'Zoom Into Nano'

A traveling nanoscience exhibit has made its way to Kidsenses.
Jan. 16, 2014 @ 04:25 AM

Kidsenses Children’s Museum is introducing its guests to the world of nanoscience through a special traveling exhibit called Zoom Into Nano. The exhibit will be in the museum until Saturday, March 29.

“For a lot of people the field of nanoscience can come across as being an unfamiliar field. By having this exhibit we are hoping to really enlighten the minds of children and adults to the field,” Joseph Knight, education director at Kidsenses said. “Nanoscale sciences, nanoscience and nanotechnology are the study and application of extremely small things and can be used across all the other fields of science.”

This exhibit was created by the Nanoscale Informal Science Education Network (NISE) and is sponsored by the North Carolina Grassroots Science Museums Collaborative.

“The North Carolina Grassroots Science Museums Collaborative is a collaborative that Kidsenses has been a part of for a number of years. Grassroots happens to be the only statewide partner with museums in the country that’s dedicated to inspiring and educating today’s youth and adults in science and technology for North Carolina’s competitive future,” Knight said. “Grassroots museums are located all across the state and it is because of our partnership with them that the exhibit is showing at our museum.”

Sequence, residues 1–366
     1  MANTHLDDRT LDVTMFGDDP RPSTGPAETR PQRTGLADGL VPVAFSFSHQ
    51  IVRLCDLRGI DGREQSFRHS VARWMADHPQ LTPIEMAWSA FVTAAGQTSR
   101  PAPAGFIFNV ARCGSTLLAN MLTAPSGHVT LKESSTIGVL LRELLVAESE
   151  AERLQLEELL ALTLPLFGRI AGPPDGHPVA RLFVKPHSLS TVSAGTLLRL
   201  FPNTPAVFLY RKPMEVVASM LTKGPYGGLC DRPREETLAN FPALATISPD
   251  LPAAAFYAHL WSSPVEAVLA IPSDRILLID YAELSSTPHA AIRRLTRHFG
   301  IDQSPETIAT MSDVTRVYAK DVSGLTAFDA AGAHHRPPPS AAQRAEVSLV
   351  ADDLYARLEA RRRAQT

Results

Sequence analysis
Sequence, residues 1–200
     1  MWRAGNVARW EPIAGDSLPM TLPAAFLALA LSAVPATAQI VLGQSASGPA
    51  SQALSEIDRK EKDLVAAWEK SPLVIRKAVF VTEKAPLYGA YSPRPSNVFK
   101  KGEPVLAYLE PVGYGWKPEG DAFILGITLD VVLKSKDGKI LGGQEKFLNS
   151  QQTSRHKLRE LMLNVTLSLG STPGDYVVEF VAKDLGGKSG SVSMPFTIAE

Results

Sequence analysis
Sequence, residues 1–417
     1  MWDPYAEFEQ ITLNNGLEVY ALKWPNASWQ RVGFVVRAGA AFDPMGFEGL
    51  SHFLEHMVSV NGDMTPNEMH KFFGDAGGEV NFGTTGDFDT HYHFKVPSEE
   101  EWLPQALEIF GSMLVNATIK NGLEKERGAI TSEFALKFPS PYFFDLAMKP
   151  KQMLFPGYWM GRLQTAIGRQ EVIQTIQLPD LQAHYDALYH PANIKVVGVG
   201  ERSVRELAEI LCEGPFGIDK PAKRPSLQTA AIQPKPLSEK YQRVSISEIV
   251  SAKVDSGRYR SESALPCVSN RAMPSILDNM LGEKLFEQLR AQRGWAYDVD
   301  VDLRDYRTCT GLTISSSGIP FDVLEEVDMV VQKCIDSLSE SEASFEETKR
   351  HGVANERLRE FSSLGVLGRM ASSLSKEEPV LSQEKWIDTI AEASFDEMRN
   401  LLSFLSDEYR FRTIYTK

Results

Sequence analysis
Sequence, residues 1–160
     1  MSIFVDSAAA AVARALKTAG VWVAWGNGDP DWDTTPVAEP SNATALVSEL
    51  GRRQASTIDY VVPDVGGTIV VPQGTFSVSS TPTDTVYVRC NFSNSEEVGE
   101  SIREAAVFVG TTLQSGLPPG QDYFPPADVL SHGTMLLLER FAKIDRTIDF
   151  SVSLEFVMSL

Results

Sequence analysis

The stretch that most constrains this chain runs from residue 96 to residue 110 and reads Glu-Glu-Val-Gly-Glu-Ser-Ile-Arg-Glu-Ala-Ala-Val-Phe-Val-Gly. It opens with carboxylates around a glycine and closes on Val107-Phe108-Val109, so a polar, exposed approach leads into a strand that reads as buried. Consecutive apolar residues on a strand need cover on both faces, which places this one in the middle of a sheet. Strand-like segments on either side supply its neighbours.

The traveling exhibit includes hands-on, interactive exhibits that invite exploration of nano phenomena and real world applications and implications.

According to Knight, there are several components of the exhibit that are very captivating for the guests. It includes areas like “Small, Smaller Nano” section.

“In the Small, Smaller Nano visitors can explore progressively smaller magnetic materials, a magnetic fan, iron powder and a magnetic fluid. Kids absolutely love interacting with that component of the exhibit,” Knight said. “In addition we have a giant carbon nanotube that can be built by the children, which has been another very popular part of the exhibit.”

Another popular area is the “I Spy a Nano” where visitors can try a series of interactive challenges and then search images for examples of real nano products.

“We are very thankful to have the exhibit. It’s an awesome attraction for children and adults. I like everything about it. I love how the exhibit connects the filed of nanoscience to real world applications,” Knight said. “It’s great having the exhibit at the museum to reinforce the content that we discuss in our science demonstrations.”